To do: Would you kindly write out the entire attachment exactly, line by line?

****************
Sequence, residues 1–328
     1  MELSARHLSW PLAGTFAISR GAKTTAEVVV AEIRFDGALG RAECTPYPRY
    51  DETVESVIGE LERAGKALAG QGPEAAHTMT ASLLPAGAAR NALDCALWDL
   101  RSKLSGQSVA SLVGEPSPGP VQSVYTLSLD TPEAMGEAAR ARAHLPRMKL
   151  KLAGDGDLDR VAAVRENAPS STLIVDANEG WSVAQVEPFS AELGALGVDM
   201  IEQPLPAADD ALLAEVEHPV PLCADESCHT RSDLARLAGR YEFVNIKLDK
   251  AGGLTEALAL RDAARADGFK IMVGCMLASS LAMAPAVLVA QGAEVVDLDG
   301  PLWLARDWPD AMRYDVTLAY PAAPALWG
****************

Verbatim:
Sequence, residues 1–328
     1  MELSARHLSW PLAGTFAISR GAKTTAEVVV AEIRFDGALG RAECTPYPRY
    51  DETVESVIGE LERAGKALAG QGPEAAHTMT ASLLPAGAAR NALDCALWDL
   101  RSKLSGQSVA SLVGEPSPGP VQSVYTLSLD TPEAMGEAAR ARAHLPRMKL
   151  KLAGDGDLDR VAAVRENAPS STLIVDANEG WSVAQVEPFS AELGALGVDM
   201  IEQPLPAADD ALLAEVEHPV PLCADESCHT RSDLARLAGR YEFVNIKLDK
   251  AGGLTEALAL RDAARADGFK IMVGCMLASS LAMAPAVLVA QGAEVVDLDG
   301  PLWLARDWPD AMRYDVTLAY PAAPALWG